I went to Little Ferry for a standby the night before, which kept me awake from 12 am to 7 am, then I showered and went to work. I came home early and slept for a half hour before we got a call for a fire at National Wholesale Liquidators, which ended up being nothing. I came home and fell asleep when we got another call for a fire at the Magic Touch Carwash on Route 17. This time it was for real.
When I got to the firehouse and started gearing up, we got a re-dispatch confirming that there was a working fire. We rolled out with a full boat, including 3 truckies because the truck didn't yet roll. On the way in everyone was hyper, and this increased as we got closer and saw the heavy smoke. I yelled at Jack that we were going to take the left side reel, and he agreed that I should go with the nozzle and he'll pull the whole reel off. Then someone yelled that we'll need a saw for the roll down gates.
We had just purchased a K12 saw, so I told Jack to NOT pull the hand line and just come with me with the saw. When I looked up I saw a huge amount of heavy fire just swirling and blowing out of the bay of the carwash. It was pretty intense, but the first thing I usually look at in my size-ups is the exposures. There was one exposure, the office part of the carwash, and it had a big roll down security gate with light smoke rolling out from the top of it. I felt it, and the glass door next to it, and everything felt cool.
We decided to cut the gates but had to wait for water. When the lines finally charged, I went to work with the saw, cutting a big upside-down V in the door. I made sure to make it wide enough to fit a fireman and equipment very comfortably. The sparks were raining down on my mask and just covering my whole body, musta looked pretty cool from an outside perspective. My forearms began to burn a little as I had to make multiple passes since the doors were double paned. Finally, I made sure the nozzle-man was ready and one solid kick dropped the panel to the inside. The smoke wasn't as heavy as we expected and a further inspection showed there wasn't any flames or heat inside at all.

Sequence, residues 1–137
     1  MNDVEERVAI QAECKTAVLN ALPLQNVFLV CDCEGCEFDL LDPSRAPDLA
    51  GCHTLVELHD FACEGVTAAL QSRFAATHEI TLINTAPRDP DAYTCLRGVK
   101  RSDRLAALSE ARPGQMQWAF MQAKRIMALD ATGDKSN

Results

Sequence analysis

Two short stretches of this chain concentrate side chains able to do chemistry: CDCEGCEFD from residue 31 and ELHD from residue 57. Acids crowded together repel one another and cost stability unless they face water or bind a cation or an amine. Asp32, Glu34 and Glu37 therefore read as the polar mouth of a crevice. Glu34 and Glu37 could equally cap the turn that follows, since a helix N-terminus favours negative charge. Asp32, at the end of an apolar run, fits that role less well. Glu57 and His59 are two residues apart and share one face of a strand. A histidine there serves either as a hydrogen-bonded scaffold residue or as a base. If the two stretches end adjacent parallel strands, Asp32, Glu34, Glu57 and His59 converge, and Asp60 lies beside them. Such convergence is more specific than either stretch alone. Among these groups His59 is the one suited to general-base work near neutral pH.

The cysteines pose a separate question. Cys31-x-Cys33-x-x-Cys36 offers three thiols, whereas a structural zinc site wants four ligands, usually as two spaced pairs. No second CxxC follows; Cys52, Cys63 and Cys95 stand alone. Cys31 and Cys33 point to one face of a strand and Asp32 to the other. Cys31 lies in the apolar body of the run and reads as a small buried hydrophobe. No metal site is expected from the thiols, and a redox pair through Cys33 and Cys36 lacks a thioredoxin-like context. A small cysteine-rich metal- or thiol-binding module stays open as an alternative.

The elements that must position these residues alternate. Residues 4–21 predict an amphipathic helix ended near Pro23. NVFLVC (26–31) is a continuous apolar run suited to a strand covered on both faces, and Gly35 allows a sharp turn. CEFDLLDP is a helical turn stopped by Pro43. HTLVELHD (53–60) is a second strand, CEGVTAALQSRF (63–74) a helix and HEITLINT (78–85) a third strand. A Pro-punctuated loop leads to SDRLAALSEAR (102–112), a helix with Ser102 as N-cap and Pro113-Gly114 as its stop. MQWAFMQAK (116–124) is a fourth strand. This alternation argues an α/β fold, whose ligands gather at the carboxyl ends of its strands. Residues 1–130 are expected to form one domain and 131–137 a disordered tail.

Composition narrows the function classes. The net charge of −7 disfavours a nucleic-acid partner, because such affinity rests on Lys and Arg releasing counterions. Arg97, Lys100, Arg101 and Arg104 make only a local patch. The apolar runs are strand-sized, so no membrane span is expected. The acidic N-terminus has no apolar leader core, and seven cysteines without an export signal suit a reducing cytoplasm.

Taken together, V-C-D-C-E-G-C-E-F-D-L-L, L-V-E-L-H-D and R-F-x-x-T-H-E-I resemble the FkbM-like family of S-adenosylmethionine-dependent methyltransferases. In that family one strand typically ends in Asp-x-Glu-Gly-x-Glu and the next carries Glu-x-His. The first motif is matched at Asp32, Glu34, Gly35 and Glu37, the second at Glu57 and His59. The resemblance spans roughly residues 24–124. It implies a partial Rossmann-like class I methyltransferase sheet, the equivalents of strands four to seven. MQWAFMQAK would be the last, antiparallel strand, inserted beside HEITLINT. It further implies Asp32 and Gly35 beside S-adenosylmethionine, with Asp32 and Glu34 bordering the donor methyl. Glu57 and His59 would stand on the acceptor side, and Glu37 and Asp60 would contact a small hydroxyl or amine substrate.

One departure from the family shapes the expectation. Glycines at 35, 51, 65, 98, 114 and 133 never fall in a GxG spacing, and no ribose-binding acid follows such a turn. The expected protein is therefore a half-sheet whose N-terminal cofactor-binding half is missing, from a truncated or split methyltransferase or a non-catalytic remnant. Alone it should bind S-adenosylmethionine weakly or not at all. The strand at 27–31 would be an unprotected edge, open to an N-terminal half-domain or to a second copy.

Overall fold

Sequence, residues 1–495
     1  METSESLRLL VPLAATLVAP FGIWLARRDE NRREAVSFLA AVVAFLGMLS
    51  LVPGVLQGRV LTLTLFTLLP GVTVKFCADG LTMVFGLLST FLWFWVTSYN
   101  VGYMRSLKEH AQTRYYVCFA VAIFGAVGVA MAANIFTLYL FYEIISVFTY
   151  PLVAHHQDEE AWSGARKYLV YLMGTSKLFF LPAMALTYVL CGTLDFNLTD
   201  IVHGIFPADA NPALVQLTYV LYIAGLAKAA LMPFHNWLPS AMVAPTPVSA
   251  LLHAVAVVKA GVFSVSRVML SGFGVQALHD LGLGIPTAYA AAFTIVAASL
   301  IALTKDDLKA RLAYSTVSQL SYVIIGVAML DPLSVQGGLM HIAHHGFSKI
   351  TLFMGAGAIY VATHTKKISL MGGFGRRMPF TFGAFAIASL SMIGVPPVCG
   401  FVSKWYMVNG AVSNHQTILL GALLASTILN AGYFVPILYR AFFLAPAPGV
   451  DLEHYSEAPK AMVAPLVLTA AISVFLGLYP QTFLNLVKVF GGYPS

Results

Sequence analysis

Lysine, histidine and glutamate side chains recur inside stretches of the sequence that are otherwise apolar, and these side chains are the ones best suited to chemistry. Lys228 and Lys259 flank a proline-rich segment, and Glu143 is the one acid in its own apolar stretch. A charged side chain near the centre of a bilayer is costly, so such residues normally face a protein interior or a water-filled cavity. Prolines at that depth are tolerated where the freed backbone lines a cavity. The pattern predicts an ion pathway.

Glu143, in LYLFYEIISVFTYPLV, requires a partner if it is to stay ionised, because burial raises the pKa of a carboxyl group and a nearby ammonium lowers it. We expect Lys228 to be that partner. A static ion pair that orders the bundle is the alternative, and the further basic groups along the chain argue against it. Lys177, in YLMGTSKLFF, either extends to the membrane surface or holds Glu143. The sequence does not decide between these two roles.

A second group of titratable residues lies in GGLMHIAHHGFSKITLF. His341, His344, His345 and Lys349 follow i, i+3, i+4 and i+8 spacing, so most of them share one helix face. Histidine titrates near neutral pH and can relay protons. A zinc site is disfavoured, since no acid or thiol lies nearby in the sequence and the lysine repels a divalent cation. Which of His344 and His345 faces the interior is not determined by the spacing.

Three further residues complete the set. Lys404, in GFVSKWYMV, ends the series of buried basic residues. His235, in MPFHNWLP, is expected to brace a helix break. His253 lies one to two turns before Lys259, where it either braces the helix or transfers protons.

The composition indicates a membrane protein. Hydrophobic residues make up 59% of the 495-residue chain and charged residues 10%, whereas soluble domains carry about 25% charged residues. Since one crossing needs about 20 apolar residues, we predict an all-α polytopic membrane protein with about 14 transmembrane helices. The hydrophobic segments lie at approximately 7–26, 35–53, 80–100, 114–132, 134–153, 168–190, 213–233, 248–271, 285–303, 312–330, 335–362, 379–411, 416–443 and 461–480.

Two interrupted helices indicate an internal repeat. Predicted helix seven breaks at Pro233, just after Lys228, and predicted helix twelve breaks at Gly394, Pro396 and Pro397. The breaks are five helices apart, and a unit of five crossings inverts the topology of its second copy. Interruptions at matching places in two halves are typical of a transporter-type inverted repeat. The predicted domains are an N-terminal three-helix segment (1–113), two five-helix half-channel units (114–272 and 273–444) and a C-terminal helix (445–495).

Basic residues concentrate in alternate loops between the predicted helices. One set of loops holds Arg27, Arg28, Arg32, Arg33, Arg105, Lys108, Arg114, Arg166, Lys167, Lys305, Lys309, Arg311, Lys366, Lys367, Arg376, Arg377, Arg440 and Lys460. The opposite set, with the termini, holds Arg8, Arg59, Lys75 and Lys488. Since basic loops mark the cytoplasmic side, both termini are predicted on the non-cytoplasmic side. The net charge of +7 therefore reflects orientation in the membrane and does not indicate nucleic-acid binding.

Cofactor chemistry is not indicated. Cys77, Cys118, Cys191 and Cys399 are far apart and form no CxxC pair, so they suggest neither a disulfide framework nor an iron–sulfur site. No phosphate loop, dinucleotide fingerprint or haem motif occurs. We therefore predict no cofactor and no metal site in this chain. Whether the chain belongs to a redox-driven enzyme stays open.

The chief then got the keys to the glass door and a team of 4 of us made our way inside for a search which proved negative for flames or heat - the fire was simply confined to the bay area where they wash and change oil. Coming outside, the fire was blowing more violently than ever, and almost looked like a fire storm just churning inside. After putting a 2 1/2 inch line, a 1 3/4 line and water from a master stream into action, the fire was knocked down within 10 minutes.
Water supply was an issue, but all in all it was a quick knock down considering the fire load. We brought the foam unit in the end to put a layer of AAAF down on the oil inside the oil pits so that wouldn't catch. Some overhaul and a long clean-up process later we were on our way home.